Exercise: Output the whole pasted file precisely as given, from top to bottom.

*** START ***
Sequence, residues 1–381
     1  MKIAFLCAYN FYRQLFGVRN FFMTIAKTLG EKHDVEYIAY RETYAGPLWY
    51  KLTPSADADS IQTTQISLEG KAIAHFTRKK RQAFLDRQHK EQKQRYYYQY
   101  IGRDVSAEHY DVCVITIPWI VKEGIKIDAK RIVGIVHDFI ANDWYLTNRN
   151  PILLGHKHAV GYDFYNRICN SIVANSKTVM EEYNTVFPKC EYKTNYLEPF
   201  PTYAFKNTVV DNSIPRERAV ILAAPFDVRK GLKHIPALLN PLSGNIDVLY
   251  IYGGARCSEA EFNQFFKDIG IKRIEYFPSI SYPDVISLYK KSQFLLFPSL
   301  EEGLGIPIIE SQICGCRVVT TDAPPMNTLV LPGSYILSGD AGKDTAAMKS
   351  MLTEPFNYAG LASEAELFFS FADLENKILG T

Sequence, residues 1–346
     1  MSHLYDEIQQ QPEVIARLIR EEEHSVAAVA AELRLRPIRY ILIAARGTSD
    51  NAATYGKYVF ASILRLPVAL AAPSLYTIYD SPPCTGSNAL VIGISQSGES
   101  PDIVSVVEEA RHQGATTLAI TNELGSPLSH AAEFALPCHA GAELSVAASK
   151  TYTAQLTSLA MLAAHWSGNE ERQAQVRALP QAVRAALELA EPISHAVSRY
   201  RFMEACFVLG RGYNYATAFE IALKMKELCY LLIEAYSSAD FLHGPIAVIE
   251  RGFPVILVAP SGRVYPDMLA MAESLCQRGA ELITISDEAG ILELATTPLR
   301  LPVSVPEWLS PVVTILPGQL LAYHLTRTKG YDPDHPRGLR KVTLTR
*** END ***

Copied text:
Sequence, residues 1–381
     1  MKIAFLCAYN FYRQLFGVRN FFMTIAKTLG EKHDVEYIAY RETYAGPLWY
    51  KLTPSADADS IQTTQISLEG KAIAHFTRKK RQAFLDRQHK EQKQRYYYQY
   101  IGRDVSAEHY DVCVITIPWI VKEGIKIDAK RIVGIVHDFI ANDWYLTNRN
   151  PILLGHKHAV GYDFYNRICN SIVANSKTVM EEYNTVFPKC EYKTNYLEPF
   201  PTYAFKNTVV DNSIPRERAV ILAAPFDVRK GLKHIPALLN PLSGNIDVLY
   251  IYGGARCSEA EFNQFFKDIG IKRIEYFPSI SYPDVISLYK KSQFLLFPSL
   301  EEGLGIPIIE SQICGCRVVT TDAPPMNTLV LPGSYILSGD AGKDTAAMKS
   351  MLTEPFNYAG LASEAELFFS FADLENKILG T

Sequence, residues 1–346
     1  MSHLYDEIQQ QPEVIARLIR EEEHSVAAVA AELRLRPIRY ILIAARGTSD
    51  NAATYGKYVF ASILRLPVAL AAPSLYTIYD SPPCTGSNAL VIGISQSGES
   101  PDIVSVVEEA RHQGATTLAI TNELGSPLSH AAEFALPCHA GAELSVAASK
   151  TYTAQLTSLA MLAAHWSGNE ERQAQVRALP QAVRAALELA EPISHAVSRY
   201  RFMEACFVLG RGYNYATAFE IALKMKELCY LLIEAYSSAD FLHGPIAVIE
   251  RGFPVILVAP SGRVYPDMLA MAESLCQRGA ELITISDEAG ILELATTPLR
   301  LPVSVPEWLS PVVTILPGQL LAYHLTRTKG YDPDHPRGLR KVTLTR